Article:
Reading is an important skill across the curriculum, and yet there are many different types of reading. As faculty members, we often assign reading without making explicit our expectations for how we want students to engage with the reading. We can help our students by making our strategies for the process of reading clear, and also by letting students know when we want them to read deeply and when we want them to skim. The Sheridan Center at Brown University has some great suggestions for how to promote effective reading for courses.
For many years, researchers have been studying how people read, and there is quite a bit of research out there about how long it takes someone to read text. The reading rate depends on how much text is on a page, how difficult the text is, and what is the purpose of reading. Sometimes faculty are guilty of assigning more reading than is actually feasible for students to do considering what we know about reading rates. You might want to use the Rice University Center for Teaching Excellence course workload estimator to find out how many hours students will need to spend in order to engage in the type of reading you expect. Plugging in the numbers is a reminder that we have to keep our expectations in check. The website also includes key references to the literature on reading rates.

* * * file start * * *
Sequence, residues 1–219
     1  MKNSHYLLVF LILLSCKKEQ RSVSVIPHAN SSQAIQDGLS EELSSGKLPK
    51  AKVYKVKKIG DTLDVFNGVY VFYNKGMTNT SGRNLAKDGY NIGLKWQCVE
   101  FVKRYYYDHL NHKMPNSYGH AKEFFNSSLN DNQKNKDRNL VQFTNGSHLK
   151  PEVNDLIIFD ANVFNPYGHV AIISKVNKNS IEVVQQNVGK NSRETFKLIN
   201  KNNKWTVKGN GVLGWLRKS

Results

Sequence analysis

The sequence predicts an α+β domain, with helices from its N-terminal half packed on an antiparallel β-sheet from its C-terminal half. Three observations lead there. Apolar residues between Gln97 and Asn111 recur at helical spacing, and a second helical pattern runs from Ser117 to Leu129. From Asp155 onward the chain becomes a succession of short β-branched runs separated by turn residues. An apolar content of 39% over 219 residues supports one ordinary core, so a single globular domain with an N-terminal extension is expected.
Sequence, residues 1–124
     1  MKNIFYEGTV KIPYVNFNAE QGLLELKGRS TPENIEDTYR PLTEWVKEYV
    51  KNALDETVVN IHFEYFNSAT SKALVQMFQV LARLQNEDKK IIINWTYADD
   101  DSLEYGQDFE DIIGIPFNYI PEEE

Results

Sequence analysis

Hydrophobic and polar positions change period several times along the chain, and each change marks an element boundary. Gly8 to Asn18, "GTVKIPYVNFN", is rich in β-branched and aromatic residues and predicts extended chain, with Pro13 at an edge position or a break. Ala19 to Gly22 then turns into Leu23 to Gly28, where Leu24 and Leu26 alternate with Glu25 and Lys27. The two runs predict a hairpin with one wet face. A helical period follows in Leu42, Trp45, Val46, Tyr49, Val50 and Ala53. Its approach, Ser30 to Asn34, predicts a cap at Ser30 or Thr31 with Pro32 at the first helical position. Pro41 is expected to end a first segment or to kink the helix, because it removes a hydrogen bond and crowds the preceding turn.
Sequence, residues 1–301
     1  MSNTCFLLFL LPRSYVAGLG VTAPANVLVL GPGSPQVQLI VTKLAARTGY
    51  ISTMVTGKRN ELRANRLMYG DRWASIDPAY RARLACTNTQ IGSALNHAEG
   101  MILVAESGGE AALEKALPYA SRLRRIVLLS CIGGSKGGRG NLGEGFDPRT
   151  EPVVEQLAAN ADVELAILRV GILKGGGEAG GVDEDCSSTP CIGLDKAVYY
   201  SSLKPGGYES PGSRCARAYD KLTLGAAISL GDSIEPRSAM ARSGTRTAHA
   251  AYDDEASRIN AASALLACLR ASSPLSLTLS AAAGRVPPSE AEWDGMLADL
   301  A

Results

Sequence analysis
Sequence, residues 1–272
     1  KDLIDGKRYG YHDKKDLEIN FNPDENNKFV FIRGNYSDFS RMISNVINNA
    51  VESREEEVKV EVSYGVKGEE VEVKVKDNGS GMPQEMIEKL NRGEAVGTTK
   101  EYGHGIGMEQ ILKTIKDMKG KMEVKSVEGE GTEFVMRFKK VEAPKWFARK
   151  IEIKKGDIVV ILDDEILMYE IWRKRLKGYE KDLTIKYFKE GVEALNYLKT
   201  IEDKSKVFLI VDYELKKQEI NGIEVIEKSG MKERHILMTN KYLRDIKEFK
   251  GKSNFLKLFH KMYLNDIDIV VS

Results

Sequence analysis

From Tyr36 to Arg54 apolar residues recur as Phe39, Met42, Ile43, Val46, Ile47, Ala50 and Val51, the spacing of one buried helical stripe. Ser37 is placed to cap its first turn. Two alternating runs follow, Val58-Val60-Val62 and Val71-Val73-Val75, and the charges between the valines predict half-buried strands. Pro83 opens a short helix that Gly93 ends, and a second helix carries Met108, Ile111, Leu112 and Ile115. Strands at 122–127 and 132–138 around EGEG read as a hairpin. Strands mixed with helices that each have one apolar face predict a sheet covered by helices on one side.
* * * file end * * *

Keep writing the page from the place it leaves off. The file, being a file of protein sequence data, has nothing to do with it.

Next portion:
Spring term will include an LTC lunch on the topic of teaching reading across the curriculum, organized by Kathy Evertz. In the meantime, here are some resources, and feel free to share your favorite tips in the comments.
- Tomorrow’s Professor 1367: Reading Guides Rediscovered — an overview of one approach to teaching students how to read textbooks.
- IDEA Paper #40: Getting Students to Read: 14 Tips — suggestions for teaching and modeling reading so that students are more likely to engage in course reading.
- Faculty Focus: Three Ways to Promote Student Ownership of Reading Assignments — some suggestions for how to expand the types of reading assignments you might ask of students.